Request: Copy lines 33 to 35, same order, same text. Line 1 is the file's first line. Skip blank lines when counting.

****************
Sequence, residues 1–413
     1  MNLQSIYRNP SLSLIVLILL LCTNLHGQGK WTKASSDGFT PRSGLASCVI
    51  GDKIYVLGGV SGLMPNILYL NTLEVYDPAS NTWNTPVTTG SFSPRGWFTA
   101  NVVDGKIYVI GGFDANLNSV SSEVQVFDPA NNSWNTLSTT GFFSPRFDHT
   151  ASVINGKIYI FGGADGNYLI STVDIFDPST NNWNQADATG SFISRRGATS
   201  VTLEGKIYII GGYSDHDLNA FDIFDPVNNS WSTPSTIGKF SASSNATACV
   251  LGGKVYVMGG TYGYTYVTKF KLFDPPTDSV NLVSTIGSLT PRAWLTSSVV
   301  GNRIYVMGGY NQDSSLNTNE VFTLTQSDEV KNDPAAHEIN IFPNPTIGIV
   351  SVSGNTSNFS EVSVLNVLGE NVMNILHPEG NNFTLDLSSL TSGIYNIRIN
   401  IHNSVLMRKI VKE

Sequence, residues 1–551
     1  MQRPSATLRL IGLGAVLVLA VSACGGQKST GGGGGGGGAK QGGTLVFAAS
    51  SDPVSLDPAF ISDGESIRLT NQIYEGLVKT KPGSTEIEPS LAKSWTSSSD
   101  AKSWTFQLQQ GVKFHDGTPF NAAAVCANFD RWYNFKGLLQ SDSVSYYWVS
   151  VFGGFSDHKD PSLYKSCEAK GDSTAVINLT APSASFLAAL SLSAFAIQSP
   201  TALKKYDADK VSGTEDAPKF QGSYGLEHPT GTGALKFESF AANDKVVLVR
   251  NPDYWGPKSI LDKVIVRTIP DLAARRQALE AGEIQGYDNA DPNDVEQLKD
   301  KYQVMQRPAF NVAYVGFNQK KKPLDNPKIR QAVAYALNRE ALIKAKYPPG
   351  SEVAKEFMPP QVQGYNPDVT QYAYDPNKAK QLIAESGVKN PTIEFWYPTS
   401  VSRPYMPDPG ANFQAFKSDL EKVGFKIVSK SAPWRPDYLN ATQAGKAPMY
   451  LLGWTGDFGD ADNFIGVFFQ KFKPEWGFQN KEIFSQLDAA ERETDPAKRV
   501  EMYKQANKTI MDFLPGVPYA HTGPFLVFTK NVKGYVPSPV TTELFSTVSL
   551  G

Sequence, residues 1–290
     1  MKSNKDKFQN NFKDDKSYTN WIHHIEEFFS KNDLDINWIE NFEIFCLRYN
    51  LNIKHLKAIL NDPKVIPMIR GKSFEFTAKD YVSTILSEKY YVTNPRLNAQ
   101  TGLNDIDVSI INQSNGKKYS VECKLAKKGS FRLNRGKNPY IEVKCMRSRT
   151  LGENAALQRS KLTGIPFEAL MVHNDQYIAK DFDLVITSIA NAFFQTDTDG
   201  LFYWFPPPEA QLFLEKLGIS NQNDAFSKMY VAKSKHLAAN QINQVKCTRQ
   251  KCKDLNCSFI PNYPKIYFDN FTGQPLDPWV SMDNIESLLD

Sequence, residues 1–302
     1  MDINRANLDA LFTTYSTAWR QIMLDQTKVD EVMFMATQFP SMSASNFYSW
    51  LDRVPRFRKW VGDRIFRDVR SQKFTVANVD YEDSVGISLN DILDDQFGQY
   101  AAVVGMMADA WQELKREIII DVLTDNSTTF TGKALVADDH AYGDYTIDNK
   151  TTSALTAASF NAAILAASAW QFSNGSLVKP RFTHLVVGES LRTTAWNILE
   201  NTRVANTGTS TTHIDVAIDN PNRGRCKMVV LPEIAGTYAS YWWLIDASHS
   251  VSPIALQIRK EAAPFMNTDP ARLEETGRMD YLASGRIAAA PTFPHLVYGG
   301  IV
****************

    51  LDRVPRFRKW VGDRIFRDVR SQKFTVANVD YEDSVGISLN DILDDQFGQY
   101  AAVVGMMADA WQELKREIII DVLTDNSTTF TGKALVADDH AYGDYTIDNK
   151  TTSALTAASF NAAILAASAW QFSNGSLVKP RFTHLVVGES LRTTAWNILE